Yeats – giving words life in ‘To a Shade’

The first stanza of Yeats’ ‘To a Shade’ ran round my head on my walk this morning (I’d mentioned it in an email to a friend yesterday). Here are the lines I was thinking of:

If you have revisited the town, thin Shade,
Whether to look upon your monument
(I wonder if the builder has been paid)
Or happier-thoughted when the day is spent
To drink of that salt breath out of the sea
When grey gulls flit about instead of men,
And the gaunt houses put on majesty …

It came to mind in the email as just one example of Yeats’ wonderful gift for timing words, using rhythm and metre, syntax and phonetic adjacency to intensify their life in the reader’s mind, to somehow make them be themselves more fully. It’s partly a matter of making them stand out, partly of giving them breathing space. It’s in the last three lines of the quotation that I feel this most strongly and the words where I feel it most are simple and elemental in meaning – ‘salt’, ‘grey’ and ‘gaunt’. I dimly remember a conversation with my father when I was a sixth former in which he said that Yeats didn’t strike him as a particularly concrete or sensuous writer. I think this is true in the sense that Yeats doesn’t describe physical things in great detail. His evocations are strong but spare and depend on music as much as the meaning of words but how much more vividly concrete is it possible to be than ‘To drink of that salt breath out of the sea’? Drinking of breath is arrestingly concrete in itself (drinking breath is an old metaphor but drinking of it immediately intensifies the sense of a definite quantity of liquid of which you drink a small amount). Metre plays its part – the coming together of stresses in ‘salt breath’ both emphasizes the words and creates breathing space around them (adjacent stressed syllables slow the phrase and push apart from each other as one says them). And these aren’t just ordinary stresses. The iambic metre means that ‘that’ is in what should be stressed position but the stress is displaced onto ‘salt’. Adjusting stride to accommodate this irregularity makes one – at least makes me – throw extra emphasis on ‘salt’ and the simple physical saltiness of the sea air breathes itself more strongly into the imagination as a result. And then there’s another metrical displacement creating a pause within the line – the metrical foot is reversed with ‘out of’. So we have three strongly sounded syllables (‘salt breath out’) followed by two very lightly stressed ones. To me that creates an immediate sensation of the space between the human presence (Parnell’s ghost, or the poet imagining him) and the sea itself.

Again, thinking of how cadence can give imagined body to an image, ‘When grey gulls flit about instead of men’ seems to me almost magically evocative. It’s the line’s rhythm that makes me see and almost feel the gulls’ gliding and swerving flight. In terms of traditional scansion, an iambic foot is followed by a spondee and then another iamb but the rhythm is created by the interplay between this metrical pattern and the movement of the syntax. There are three breath units to the line – ‘when grey gulls’ pause ‘flit about’ pause ‘instead of men’ – and I don’t think you can say them without feeling the speeding up in the second and third. This speeding up of the second and third phrases around the pause between them makes me picture not the gulls but their movement very clearly.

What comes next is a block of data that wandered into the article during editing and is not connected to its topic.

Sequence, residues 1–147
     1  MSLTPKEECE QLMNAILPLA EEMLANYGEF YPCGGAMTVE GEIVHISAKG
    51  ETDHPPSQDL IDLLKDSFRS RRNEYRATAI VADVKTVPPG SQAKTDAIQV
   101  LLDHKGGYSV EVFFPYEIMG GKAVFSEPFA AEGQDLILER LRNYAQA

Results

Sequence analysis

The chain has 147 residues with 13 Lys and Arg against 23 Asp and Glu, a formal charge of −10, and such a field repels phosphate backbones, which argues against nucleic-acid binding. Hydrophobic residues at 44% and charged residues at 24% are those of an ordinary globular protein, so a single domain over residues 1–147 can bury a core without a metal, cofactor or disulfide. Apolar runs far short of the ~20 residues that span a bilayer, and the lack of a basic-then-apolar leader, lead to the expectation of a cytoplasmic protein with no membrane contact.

Though it doesn’t have the physical immediacy of ‘salt’, ‘breath’, ‘grey’ and ‘gaunt’, the notionally abstract noun ‘majesty’ packs quite a punch too. It isn’t physically concrete in the sense of relating to the sensory apprehension of something outside the body, but I think strong emotional sensations are almost physical in their nature, affecting the brain in the same kind of way as physical ones do, and the word ‘majesty’ carries strong emotional associations. Yeats heightens this effect by his metaphor of the houses putting on majesty, as if it were a garment. However, he leaves it to us to draw our own conclusions around this direct, vivid impression – leaves it to us to take or not to take the houses’ gauntness as suggesting the destructive effects of English rule, for example (in which case the look of majesty they take on in the twilight might suggest Parnell’s hope for a freer and better future) or to take or not to take the illusoriness of the look of majesty as sarcastically suggesting the people’s unworthiness of Parnell, in line with the question whether the builder has been paid. This combination of forthright power with a sensitive, ambiguous play of suggestions (sometimes even of contradictions) seems to me typical of how Yeats works.

I’ve wandered a bit from my main point, though. What I’ve really tried to do is pin down why ‘salt’, ‘breath’ and ‘grey’ make such an impact on my own impression of the poem. All three are words Yeats makes vivid use of in other contexts, and like the word ‘cold’ they clearly meant a lot to him at some fundamental imaginative level.

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